From the heights of her native New York to the depths of North Korea, HeeSun Lee breaks open every misconception that runs through the mind of today’s society. Stereotypes continues from where her last album Re:Defined left off. In other words, you won’t leave listening this album without being challenged.
The first track, “Intro,” unleashes a Pandora’s Box of different stereotypes. The listener is forced to distinguish between what is the way God sees people and what is just human status quo. The crosscutting voices set the tone for the rest of the album, which is what you would expect from a refined artist as HeeSun Lee. Its clean-cut, no bars hold approach makes for an excellent delivery.
Throughout the 16 tracks, what really stands out is how a commercial sound has been swapped with more down to earth, gritty beats. By combining her struggles lyrically with a beat selection such as this, it brings out her raw honesty even more. This is no bad thing, since we get a glimpse of what it means to juggle the roles of wife, mother, rapper, and most important of all, being a follower of Jesus.
On the chorus to “Plastic,” she addresses the skeptics: ‘a female rapper and she’s not made out of plastic!/This is unbelievable and they cannot grasp it.’ Lyrically, this album is tight, and it is good to hear a diversity of collaborations too such as Tiffany Michelle, Chris Cobbins, and Mia Hunt. Social Club joins HeeSun on the track “Get To Know Me” where she also addresses the subject of beauty: ‘my makeup can’t conceal my true character.’
God has definitely qualified her to speak on this issue as she is totally open about her own struggles with looking “Skin Deep:” ‘From the bottom of the ocean to the other side of Mercury/That’s the thing about beauty/It’s more than the eye can see.’ Modern day female musicians are parodied on the excellent track “Role Models.” Its psychedelic, mashed up electronica makes you think she is trying to reflect the confusion many young girls are misled into by some role models.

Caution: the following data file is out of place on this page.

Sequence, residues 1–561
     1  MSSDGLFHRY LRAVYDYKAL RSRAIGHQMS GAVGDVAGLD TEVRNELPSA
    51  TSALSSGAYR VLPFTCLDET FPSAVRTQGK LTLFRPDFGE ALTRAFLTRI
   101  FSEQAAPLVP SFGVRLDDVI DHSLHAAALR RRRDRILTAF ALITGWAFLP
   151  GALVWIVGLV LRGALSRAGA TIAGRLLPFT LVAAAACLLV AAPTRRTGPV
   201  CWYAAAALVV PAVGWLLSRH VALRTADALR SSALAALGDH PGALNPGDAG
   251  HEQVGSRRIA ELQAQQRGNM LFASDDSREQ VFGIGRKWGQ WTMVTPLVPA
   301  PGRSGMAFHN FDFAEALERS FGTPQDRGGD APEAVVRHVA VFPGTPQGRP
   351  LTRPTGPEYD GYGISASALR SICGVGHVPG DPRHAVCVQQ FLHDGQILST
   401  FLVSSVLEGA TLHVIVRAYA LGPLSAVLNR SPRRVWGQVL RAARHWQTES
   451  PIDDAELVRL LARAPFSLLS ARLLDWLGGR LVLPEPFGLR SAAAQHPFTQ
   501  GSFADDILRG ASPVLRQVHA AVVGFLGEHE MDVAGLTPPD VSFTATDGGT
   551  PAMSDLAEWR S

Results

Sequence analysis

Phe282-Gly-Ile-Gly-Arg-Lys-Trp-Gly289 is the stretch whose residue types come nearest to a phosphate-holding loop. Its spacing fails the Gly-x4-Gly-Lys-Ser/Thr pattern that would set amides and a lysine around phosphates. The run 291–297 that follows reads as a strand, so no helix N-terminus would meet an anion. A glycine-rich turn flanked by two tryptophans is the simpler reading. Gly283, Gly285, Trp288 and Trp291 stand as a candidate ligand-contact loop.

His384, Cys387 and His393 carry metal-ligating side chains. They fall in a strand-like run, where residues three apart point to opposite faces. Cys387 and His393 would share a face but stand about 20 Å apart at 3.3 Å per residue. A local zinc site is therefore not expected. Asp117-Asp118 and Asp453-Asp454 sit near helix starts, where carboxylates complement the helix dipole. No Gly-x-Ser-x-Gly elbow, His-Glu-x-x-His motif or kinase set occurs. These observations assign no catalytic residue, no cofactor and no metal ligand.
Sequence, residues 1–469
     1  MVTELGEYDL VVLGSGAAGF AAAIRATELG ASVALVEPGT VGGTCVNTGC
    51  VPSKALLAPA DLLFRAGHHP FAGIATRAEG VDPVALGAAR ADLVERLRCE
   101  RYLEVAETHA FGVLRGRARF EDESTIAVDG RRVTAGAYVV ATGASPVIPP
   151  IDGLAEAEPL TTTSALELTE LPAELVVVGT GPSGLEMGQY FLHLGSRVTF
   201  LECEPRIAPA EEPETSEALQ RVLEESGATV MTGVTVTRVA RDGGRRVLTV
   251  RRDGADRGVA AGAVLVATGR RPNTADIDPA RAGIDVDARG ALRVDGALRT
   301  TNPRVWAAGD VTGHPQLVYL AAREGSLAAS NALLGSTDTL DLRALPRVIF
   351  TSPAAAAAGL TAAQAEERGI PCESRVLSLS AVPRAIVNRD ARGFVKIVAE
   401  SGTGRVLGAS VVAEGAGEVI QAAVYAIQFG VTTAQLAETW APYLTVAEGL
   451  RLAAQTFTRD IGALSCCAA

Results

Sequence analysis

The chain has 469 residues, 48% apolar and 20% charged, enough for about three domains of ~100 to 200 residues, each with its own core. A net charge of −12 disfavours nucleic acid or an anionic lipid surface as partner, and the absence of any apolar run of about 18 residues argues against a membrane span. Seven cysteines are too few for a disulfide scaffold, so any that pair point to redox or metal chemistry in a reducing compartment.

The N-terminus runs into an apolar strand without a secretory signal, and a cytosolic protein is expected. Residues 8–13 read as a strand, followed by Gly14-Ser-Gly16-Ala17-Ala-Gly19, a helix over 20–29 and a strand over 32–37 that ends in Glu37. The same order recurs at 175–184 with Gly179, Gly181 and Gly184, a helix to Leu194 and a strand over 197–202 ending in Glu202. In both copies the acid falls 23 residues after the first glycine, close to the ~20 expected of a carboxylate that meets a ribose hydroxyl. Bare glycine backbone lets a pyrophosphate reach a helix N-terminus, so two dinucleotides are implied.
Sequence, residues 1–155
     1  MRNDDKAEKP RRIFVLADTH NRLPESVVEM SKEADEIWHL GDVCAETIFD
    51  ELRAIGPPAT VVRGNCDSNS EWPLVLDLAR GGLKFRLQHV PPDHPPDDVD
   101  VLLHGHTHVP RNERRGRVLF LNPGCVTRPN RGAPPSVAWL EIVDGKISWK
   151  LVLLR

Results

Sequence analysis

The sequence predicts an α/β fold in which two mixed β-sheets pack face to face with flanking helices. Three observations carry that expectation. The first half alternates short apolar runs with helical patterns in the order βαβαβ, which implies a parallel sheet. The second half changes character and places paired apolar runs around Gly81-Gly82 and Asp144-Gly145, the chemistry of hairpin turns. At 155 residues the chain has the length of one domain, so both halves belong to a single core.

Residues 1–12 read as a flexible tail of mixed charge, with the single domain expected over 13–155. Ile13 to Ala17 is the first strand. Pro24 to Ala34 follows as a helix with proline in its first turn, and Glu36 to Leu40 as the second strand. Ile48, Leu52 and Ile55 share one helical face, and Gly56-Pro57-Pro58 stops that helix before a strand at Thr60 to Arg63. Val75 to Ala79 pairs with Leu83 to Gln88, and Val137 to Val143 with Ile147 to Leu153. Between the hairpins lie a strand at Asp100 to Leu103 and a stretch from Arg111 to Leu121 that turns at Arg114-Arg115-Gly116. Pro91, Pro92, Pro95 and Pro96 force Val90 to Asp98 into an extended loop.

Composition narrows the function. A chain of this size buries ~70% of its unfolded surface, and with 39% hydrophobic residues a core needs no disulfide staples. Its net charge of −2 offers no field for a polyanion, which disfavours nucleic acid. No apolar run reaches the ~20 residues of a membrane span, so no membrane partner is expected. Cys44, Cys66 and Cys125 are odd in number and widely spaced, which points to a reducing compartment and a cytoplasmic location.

Since HeeSun is very self-aware in knowing that she is called to set an example, it is also refreshing to hear her struggles in having the expectations to be ‘perfect’ when it comes to ministry. “I’m Supposed To Be” and “Breaking All The Rules” spell this out well: ‘when I live out loud/He lives through me.’ This is a humble reminder that Jesus died for our imperfections, which means we are free to let go and let God.
I love how HeeSun doesn’t forget to express her thankfulness to firstly, her husband on love fuelled “Special Pick” and “Changed Me,” which is essentially a love letter to hip-hop. Overall, the concept behind Stereotypes is strong, however, I think that there could have been a more diverse set of flows to match the lyrical directions.
The stand out track has to be “North Korea” which is a Korean prayer followed by a spoken word on what extreme persecution leads to. I cannot think of any other track in CHH now that is addressing this issue. If the best track is left to last, then this one echos an outstanding originality.
Overall, the main message behind the album as a whole can be found in “Breaking Stereotypes,” featuring MC Jin. The reality is that if you’re a Christian ‘haters are gonna hate’ but, HeeSun Lee encourages us through this hard-hitting album that we can break down any prejudices or labels through knowing that our identity can firmly be found in Jesus alone.